Cir. 2016) (discussing factors to consider in applying mitigating role adjustment). The
Guidelines commentary provides a nonexhaustive list of factors to consider in making
this determination, including:
(i) the degree to which the defendant understood the scope and structure of
the criminal activity; (ii) the degree to which the defendant participated in
planning or organizing the criminal activity: (iii) the degree to which the
defendant exercised decision-making authority or influenced the exercise of
decision-making authority; (iv) the nature and extent of the defendant’s
participation in the commission of the criminal activity, including the acts
the defendant performed and the responsibility and discretion the defendant
had in performing those acts; [and] (v) the degree to which the defendant
stood to benefit from the criminal activity.
USSG § 3B1.2 cmt. n.3(C).
“The defendant bears the burden of proving, by a preponderance of the evidence,
that he is entitled to a mitigating role adjustment in sentencing.” United States v. Powell,
680 F.3d 350, 358-59 (4th Cir. 2012) (internal quotation marks omitted), superseded by
regulation on other grounds as stated in United States v. Carbajal, 2018 WL 636724 (4th
Cir. 2018) (No. 16-4358). We “review for clear error the district court’s determination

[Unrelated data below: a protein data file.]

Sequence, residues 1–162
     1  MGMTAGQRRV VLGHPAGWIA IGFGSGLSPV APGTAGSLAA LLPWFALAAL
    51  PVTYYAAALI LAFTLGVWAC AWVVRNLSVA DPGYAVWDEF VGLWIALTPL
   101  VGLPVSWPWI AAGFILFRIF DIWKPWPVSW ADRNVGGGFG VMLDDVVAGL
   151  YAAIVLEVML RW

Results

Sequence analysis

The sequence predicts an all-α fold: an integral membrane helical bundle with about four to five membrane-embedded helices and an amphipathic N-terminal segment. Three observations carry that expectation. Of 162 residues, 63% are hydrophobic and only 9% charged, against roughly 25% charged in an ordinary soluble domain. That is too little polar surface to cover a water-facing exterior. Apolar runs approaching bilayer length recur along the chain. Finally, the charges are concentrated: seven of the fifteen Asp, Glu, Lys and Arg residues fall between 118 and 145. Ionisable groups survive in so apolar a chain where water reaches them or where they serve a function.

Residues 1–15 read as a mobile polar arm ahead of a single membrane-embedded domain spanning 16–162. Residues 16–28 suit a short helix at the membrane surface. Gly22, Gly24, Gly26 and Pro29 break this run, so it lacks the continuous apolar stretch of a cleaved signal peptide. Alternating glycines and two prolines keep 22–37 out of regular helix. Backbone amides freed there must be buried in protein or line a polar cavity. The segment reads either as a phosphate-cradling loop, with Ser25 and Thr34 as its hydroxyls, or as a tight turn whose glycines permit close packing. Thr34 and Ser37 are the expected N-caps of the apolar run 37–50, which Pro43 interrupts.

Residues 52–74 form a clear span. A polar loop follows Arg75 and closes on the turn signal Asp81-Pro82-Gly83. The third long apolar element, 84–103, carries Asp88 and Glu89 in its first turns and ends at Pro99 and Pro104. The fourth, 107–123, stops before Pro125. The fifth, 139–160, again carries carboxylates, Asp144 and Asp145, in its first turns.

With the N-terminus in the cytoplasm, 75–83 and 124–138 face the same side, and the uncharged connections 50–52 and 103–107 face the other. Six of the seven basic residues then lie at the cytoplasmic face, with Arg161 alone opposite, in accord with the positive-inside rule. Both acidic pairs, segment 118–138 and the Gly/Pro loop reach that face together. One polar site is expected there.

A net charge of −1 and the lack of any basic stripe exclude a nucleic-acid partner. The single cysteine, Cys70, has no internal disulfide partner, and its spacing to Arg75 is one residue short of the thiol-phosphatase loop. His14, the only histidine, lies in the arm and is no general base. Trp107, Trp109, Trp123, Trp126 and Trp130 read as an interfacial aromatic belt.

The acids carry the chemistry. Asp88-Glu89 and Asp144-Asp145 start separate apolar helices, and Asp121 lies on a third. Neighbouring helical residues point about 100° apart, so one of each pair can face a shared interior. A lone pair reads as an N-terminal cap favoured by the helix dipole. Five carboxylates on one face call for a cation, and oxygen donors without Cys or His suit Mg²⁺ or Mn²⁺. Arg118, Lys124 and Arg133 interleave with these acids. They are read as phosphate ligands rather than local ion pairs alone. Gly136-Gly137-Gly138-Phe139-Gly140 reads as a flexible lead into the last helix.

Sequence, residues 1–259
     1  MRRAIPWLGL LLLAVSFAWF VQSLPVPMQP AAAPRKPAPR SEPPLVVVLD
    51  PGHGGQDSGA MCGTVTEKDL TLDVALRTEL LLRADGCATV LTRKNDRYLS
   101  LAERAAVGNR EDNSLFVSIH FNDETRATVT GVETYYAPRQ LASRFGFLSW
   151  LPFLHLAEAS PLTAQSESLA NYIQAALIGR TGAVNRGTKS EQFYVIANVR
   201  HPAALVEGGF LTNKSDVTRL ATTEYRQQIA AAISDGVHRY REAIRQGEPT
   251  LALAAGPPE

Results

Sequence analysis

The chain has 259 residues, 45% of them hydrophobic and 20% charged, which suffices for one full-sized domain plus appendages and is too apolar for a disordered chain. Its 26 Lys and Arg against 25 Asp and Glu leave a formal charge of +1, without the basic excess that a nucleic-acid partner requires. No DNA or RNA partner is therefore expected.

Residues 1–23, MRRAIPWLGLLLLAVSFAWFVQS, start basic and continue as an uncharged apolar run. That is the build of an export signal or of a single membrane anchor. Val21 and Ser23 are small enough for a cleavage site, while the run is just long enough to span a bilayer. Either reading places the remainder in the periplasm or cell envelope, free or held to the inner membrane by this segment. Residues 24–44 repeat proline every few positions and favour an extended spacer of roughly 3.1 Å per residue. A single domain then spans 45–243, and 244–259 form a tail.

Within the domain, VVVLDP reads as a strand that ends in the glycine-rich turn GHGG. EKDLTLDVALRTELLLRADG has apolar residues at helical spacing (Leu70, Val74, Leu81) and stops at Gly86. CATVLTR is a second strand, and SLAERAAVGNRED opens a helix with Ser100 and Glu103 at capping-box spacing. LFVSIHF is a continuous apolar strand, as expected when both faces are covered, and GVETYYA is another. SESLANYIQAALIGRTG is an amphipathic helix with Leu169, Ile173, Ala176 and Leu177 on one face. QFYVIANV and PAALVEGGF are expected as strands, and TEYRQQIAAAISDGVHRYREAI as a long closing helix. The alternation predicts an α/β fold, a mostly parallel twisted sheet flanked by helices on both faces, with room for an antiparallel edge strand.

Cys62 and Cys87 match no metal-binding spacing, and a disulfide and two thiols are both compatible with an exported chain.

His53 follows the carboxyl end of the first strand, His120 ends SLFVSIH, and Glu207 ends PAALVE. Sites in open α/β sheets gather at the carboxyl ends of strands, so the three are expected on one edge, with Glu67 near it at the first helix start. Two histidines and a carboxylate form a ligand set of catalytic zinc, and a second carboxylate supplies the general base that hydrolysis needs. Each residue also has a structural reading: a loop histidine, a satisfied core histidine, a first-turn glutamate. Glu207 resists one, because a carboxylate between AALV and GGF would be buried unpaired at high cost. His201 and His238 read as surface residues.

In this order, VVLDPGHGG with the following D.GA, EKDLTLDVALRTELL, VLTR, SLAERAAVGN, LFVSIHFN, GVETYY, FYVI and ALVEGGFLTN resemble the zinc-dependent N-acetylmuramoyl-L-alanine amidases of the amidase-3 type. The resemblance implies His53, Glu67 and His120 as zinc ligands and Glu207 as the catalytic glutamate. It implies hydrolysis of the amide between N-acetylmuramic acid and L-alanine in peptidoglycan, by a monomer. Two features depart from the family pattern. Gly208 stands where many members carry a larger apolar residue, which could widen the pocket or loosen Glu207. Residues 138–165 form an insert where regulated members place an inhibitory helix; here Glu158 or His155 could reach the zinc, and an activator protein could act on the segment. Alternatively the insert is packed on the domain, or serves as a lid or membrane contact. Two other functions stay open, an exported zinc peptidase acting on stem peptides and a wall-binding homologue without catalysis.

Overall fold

that [the defendant] failed to show his entitlement to such an adjustment.” Id. at 359. We
will find clear error only if, having considered the evidence in its entirety, we are “left
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with the definite and firm conviction that a mistake has been committed.” United States
v. Cox, 744 F.3d 305, 308 (4th Cir. 2014) (internal quotation marks omitted).
We have reviewed the parties’ briefs as well as the record and conclude that the
district court did not clearly err by denying a mitigating role adjustment. The district
court identified the relevant factors and concluded that the 51 kilograms of cocaine
Iglesias personally delivered and his involvement in the smuggling of tens of thousands
of dollars in drug proceeds demonstrated that he was a “relatively trusted member” of the
drug conspiracy with “significant” knowledge of its scope. (J.A. 37). We hold that the
district court did not err in considering the firearms and additional cocaine found in the
residence Iglesias shared with his brother-in-law as additional evidence that Iglesias
knew he was involved in a large drug conspiracy.
Moreover, any error would be
harmless because the district court had sufficient evidence before it to conclude that
Iglesias had knowledge of the broad scope of the conspiracy. Finally, we find Iglesias’
reliance on United States v. Bush, 352 F.3d 1177 (8th Cir. 2003), to be misplaced, and we
reject his claim that the district court declined to apply the mitigating role adjustment
here because it believed the adjustment would result in an inappropriate Sentencing
Accordingly, we affirm the district court’s judgment. We dispense with oral
argument because the facts and legal contentions are adequately presented in the
materials before this court and argument would not aid the decisional process.